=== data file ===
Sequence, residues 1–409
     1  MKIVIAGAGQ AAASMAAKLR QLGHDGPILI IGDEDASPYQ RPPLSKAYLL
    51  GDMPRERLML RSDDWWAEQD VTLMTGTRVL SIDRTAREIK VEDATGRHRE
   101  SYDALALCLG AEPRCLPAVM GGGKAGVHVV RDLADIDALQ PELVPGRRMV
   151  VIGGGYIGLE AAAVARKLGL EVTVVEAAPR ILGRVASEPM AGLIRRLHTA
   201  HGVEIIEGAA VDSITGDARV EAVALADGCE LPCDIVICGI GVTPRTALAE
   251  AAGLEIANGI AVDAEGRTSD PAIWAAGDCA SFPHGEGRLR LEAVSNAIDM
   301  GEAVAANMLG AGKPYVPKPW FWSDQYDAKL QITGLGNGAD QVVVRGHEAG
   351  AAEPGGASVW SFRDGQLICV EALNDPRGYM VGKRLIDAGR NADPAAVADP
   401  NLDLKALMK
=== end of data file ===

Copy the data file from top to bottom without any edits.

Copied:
Sequence, residues 1–409
     1  MKIVIAGAGQ AAASMAAKLR QLGHDGPILI IGDEDASPYQ RPPLSKAYLL
    51  GDMPRERLML RSDDWWAEQD VTLMTGTRVL SIDRTAREIK VEDATGRHRE
   101  SYDALALCLG AEPRCLPAVM GGGKAGVHVV RDLADIDALQ PELVPGRRMV
   151  VIGGGYIGLE AAAVARKLGL EVTVVEAAPR ILGRVASEPM AGLIRRLHTA
   201  HGVEIIEGAA VDSITGDARV EAVALADGCE LPCDIVICGI GVTPRTALAE
   251  AAGLEIANGI AVDAEGRTSD PAIWAAGDCA SFPHGEGRLR LEAVSNAIDM
   301  GEAVAANMLG AGKPYVPKPW FWSDQYDAKL QITGLGNGAD QVVVRGHEAG
   351  AAEPGGASVW SFRDGQLICV EALNDPRGYM VGKRLIDAGR NADPAAVADP
   401  NLDLKALMK